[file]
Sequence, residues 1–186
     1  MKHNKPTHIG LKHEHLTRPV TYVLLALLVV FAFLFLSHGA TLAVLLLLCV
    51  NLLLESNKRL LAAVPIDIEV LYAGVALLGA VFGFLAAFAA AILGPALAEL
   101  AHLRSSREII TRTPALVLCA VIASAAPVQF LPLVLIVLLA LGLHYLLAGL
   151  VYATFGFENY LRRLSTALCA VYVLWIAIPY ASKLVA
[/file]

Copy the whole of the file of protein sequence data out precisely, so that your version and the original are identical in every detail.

Sequence, residues 1–186
     1  MKHNKPTHIG LKHEHLTRPV TYVLLALLVV FAFLFLSHGA TLAVLLLLCV
    51  NLLLESNKRL LAAVPIDIEV LYAGVALLGA VFGFLAAFAA AILGPALAEL
   101  AHLRSSREII TRTPALVLCA VIASAAPVQF LPLVLIVLLA LGLHYLLAGL
   151  VYATFGFENY LRRLSTALCA VYVLWIAIPY ASKLVA